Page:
How can I make walk more interesting?
If you walk daily or regularly and want to make it more interesting, you could listen to a podcast, time yourself on familiar routes to try to get faster or incorporate a variety of terrains. Also, take binoculars to search for new sights, photograph wildlife, or tune into the sights and sounds around you.
How to get the most out of your walk
We can all get a little bored of walking from time to time. Perhaps you're fed up with seeing the same places or feel like the activity isn't giving you enough stimulation. If this is the case, I've got loads of tips to help make your daily walk more interesting so you are able to keep up this healthy, beneficial activity!
1. Choose a podcast to keep you company
Whilst it is nice to have the company of others whilst on a walk, this isn't always possible. So, an alternative is to listen to a podcast. You can explore topics you enjoy, or pick something at random. Below are a few popular podcasts:
- Desert Island Discs – celebrity guests and famous faces talk about their lives and share musical tracks that have shaped them.
- Deliciously Ella – guests with a health or nutrition background talk through a series of health and wellness topics, from stress to exercise.
- How To Fail – interviewees (usually a celebrity or famous face) talk about things that have gone 'wrong' in their lives, plus how they overcame these setbacks.
There are also a number of walking and travel-focused podcasts that may help get you in the mood for a walk!
- Walks Around Britain – the title gives this one away – it's a podcast about walks around Britain...
- Mountain – listen to stories of adventure in wild places. There haven't been any recent episodes of this podcast, but you can have fun listening to the stories in previous editions.
- Ramblings – Clare Balding interviews people as they walk through the British countryside.
2. Time yourself on familiar routes
There are much greater fitness gains to be made from walking at a quicker pace, or by incorporating more hills into your routes. This works on stamina, for example, and also turns the activity into a cardio workout, which is good for the heart.
So, see if you can get quicker on your walks and time yourself on a familiar route to see the progress you can make each time you head out.
3. Cover a variety of terrain
Keep walks interesting by covering a variety of terrains, including fields, woodland, country parks, canal paths, cycle routes, and beaches. If possible, travel a little further afield to seek out new routes, or simply go out into an area nearby and walk in a direction you haven't tried before.
4. Take binoculars to seek out new sights
Use binoculars on your walk to get a closer look at birds, wildlife and plants that you may not be able to fully appreciate otherwise.
5. Photograph wildlife and plants
We are all used to taking selfies when out and about but why not turn your camera the other way around and focus on the things you can photograph in the environment around you? In Spring and Summer, flowers will be in full bloom so get up close and take snaps of their intricate features. In Autumn and Winter, the scenes will look very different but no less impressive. Hone in on brown leave, bare trees and frosty footprints, for example.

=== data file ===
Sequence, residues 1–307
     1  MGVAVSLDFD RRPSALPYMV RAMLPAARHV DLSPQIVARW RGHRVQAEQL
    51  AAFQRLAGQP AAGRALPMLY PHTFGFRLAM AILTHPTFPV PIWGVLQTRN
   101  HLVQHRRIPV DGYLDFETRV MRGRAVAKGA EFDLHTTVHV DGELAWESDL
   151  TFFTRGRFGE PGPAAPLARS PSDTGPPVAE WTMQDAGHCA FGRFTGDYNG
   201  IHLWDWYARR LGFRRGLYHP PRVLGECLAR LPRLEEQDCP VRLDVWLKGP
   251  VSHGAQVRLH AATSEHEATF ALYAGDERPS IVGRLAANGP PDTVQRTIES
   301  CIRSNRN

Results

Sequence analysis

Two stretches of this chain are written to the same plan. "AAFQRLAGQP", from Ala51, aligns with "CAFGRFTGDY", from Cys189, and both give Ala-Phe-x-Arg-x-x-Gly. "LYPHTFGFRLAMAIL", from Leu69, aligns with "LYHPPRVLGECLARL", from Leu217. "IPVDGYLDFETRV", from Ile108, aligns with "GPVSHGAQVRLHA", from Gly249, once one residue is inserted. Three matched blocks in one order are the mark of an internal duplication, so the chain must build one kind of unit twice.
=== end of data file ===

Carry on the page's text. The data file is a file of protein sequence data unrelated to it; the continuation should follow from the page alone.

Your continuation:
Spending a little extra time to take in the things you see on your walk offers much more to discover! Take an identification book with you and you can also learn the names of birds, trees and plants as you go by.
6. Tune in to what you see and hear
When out and about, focus on the sights, sounds and feelings experienced in the outdoors, rather than turning inwards to your own thoughts. You could even take a little notepad with you and write down anything notable as you go. If you do this throughout the year, you will soon have a clear record of all the small changes going on in your surrounding environment.
7. Use the time to learn something new
Walking is a good way to stay fit and healthy, but it can also be an opportunity to learn something new. This could be as simple as looking up the name of a plant or tree that you come across on your walk or listening to a fact-filled podcast such as No Such Thing As A Fish. You could even take things one step further by signing up to learn a language. There are lots of podcasts that can support this or more official courses. Once you've picked your course, simply listen to the lesson as you walk!
8. Try walking meditation
Walking is in itself a form of meditation, helped by the steady repetitiveness of your footsteps and the calming sounds of nature. If you need more help with meditation, though, then a podcast or app like Headspace would be worth taking along too.
9. Lead a walking group
Instead of walking by yourself, check out opportunities to volunteer in your local community. You could help to lead a walking group that already exists in your area or set up your own one with friends and family.
10. Shop local
Shopping at local stores, including gift shopping as well as the weekly essentials, is a great excuse to get out walking without having to venture too far. Stopping off to talk to shop owners (and perhaps even bumping into friends on the way) all help to make walking more interesting, too.